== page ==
handle

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handle

1. the quality, as of textiles, perceived by touching or feeling
2. Gambling the total amount of a bet on a horse race or similar event

handle

[′han·dəl]
(computer science)
One of several small squares that appear around a selected object in an object-oriented computer-graphics program, and can be dragged with a mouse to move, enlarge, reduce, or change the shape of the object.
In particular, one of the two interior points on a Bézier curve that can be dragged to alter its shape. Also known as control handle.
(mechanical engineering)
The arm connecting the bucket with the boom in a dipper shovel or hoe.

handle

(programming, operating system)
A simple item of data that identifies a resource. For example, a Unix file handle identifies an open file and associated data such as whether it was opened for read or write and the current read/write position. On the Macintosh, a handle is a pointer to a pointer to some dynamically-allocated memory. The extra level of indirection allows on-the-fly memory compaction or garbage collection without invalidating application program references to the allocated memory.

handle

(jargon)
An alias used intended to conceal a user's true identity in an electronic message. The term is common on Citizen's Band and other amateur radio but, in that context usually means the user's real name as FCC rules forbid concealing one's identity.

Use of grandiose handles is characteristic of crackers, weenies, spods, and other lower forms of network life; true hackers travel on their own reputations.

Compare nick.

handle

(1) Slang for a nickname, pseudonym, alias or username. For example, a Twitter handle is how people identify themselves on Twitter. For decades, "CB handles" have been the short but unique identities truck drivers use over citizens' band radio (see CB radio).

(2) A temporary name or number assigned to a file, font or other object. For example, an operating system may assign a sequential number to each file that it opens as a way of identifying it.

(3) In computer graphics, a tiny, square block on an image that can be grabbed for reshaping.


Graphics Handles
The handles are the tiny (blue) squares that are displayed when you select an object.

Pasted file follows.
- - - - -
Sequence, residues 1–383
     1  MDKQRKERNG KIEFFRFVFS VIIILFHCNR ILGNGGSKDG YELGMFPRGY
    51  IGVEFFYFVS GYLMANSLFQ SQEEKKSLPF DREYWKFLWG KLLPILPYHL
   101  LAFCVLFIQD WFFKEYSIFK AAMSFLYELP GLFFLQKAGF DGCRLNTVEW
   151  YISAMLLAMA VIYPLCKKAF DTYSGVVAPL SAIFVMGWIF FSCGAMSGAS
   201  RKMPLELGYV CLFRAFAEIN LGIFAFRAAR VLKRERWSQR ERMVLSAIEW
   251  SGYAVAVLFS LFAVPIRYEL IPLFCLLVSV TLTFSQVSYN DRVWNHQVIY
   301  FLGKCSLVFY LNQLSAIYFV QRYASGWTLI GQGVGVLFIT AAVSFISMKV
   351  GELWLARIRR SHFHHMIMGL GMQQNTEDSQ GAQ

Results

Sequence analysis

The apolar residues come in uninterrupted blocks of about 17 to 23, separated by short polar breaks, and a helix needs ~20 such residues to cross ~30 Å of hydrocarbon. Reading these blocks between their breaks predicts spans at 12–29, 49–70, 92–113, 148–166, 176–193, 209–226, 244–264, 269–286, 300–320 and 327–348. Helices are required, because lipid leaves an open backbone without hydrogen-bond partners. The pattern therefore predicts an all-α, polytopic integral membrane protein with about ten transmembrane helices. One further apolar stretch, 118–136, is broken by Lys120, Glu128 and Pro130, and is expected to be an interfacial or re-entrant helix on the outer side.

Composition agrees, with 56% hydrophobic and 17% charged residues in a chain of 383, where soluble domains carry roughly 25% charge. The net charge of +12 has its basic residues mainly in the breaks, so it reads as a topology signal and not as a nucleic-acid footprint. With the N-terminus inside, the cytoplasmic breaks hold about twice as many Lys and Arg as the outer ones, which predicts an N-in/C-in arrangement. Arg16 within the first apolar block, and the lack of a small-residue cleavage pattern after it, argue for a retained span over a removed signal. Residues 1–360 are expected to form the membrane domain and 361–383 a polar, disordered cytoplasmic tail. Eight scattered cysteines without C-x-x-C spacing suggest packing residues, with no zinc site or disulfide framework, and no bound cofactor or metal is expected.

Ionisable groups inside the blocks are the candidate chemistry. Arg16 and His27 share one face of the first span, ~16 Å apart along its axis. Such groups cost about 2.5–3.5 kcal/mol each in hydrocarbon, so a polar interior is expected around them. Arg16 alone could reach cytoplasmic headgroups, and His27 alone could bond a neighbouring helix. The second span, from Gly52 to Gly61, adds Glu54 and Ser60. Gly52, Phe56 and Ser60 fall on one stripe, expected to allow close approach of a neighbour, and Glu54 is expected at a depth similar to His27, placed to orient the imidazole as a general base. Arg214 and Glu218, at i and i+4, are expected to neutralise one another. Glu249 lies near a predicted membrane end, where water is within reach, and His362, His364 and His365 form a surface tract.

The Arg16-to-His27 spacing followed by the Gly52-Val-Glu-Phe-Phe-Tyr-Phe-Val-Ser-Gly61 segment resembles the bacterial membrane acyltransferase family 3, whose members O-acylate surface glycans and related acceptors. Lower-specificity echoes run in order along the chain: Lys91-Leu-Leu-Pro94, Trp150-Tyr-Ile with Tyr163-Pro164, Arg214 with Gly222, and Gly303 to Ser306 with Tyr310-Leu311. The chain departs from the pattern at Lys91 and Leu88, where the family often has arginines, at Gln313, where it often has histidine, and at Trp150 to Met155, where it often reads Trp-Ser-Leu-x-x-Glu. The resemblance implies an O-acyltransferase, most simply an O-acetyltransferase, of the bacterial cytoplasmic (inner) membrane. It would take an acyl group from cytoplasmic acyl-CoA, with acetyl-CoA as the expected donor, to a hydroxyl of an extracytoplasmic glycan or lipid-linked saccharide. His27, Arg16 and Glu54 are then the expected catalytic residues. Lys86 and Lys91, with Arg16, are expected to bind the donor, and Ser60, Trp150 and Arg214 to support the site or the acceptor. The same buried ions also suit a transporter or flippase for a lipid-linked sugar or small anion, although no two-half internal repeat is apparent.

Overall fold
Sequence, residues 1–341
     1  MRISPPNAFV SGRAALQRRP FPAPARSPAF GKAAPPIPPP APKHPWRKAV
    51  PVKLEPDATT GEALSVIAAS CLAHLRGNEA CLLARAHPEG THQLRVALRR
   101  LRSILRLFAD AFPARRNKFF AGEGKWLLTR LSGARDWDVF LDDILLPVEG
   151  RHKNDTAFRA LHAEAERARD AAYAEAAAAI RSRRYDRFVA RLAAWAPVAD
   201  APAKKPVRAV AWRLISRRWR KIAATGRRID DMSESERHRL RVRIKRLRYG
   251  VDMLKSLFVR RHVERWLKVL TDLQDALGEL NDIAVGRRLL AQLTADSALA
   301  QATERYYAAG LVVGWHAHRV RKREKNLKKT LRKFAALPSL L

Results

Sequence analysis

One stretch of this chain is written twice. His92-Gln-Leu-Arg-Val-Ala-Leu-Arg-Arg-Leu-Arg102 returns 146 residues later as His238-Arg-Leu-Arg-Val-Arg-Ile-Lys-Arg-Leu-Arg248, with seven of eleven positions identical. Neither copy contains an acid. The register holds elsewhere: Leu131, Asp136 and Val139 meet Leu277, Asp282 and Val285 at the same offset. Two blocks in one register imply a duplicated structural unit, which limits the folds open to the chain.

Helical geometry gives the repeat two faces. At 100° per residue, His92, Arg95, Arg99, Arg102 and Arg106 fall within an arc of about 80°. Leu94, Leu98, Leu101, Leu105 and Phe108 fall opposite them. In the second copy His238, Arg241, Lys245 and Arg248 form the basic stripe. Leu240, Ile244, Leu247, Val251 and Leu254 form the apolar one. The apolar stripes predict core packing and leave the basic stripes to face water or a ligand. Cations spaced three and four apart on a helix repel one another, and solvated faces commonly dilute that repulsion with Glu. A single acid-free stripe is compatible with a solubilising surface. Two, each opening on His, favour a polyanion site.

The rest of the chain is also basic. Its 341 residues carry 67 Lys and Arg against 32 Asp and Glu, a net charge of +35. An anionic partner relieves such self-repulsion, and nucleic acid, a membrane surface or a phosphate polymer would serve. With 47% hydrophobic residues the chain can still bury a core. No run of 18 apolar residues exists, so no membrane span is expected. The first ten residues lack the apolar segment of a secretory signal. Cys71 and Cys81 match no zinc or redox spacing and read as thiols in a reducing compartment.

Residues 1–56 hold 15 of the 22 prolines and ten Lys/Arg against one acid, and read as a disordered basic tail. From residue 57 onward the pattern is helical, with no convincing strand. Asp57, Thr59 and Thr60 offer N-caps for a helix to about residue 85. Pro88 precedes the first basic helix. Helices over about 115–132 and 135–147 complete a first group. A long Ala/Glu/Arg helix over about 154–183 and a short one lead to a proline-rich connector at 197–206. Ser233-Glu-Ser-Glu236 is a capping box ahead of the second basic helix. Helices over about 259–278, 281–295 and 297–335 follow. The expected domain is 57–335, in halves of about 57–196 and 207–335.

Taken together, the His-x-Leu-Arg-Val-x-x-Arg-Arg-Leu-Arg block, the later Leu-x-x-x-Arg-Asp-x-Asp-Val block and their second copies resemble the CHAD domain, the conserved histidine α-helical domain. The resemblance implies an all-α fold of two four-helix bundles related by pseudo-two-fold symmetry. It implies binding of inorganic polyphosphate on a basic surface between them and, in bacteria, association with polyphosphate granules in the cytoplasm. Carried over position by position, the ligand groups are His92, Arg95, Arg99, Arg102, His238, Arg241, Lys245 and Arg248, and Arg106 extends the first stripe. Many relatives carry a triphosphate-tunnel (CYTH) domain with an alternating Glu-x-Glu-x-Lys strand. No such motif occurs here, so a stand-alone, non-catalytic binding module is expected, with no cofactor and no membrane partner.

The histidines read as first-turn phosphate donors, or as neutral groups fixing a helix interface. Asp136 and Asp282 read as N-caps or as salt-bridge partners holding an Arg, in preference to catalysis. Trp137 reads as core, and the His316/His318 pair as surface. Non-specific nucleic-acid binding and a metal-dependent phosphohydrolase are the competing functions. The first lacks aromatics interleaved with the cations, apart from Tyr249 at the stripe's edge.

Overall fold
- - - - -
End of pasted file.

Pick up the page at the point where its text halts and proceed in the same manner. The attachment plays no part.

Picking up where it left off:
References in periodicals archive ?
I was surprised by the big figure [of disputed claims]," he said.
I told the reporters that 254 were killed so that a big figure would be published, and so that the Arabs would panic not only in Jerusalem but across the country, and this goal was accomplished.
The USD 43 billion estimation for the food gap in Arab countries is a big figure that has resulted from the accumulation of previous erroneous decisions, Assistant Secretary General of the Arab League for Economic Affairs Mohammad Al-Tuwaijri told a news conference following the conclusion of the Arab private sector forum.
He's got experience and he's a big figure in our dressing room.
But if Birmingham is to have a mayor, they must be a big figure.
The talent he's got is unbelievable and it's great to have such a big figure like that come in and he will certainly have a big impact on the squad.
Exports of processed foods grew by a cumulative 7 percent between 2007 and 2010, a big figure, said Itani, given that those years witnessed a slump in industrial growth.
They play the songs, but withoutthepassionandpresence of constantly mobile, mad-eyed guitarist Wilko Johnson, bass monster John B Sparks or their enigmatically named sticksman The Big Figure.
The Essex unit went on to find commercial success in the 1970s and the original line-up featured vocalist Lee Brilleaux, guitarist Wilko Johnson, bassist John B Sparks and drummer John The Big Figure Martin.
He made some great saves, still has good reflexes and is a big figure when he stands up.
I know it seems a big figure, but if you compare it with the global stimulus package, it means that for less than 1 percent of that we could help meet the urgent human crisis that is unfolding, and that is just as essential to the stability of the world, Sheeran said.
For the final years of his presidency, Bush wanted a big name, a major financial leader, what Bolten calls "a big figure.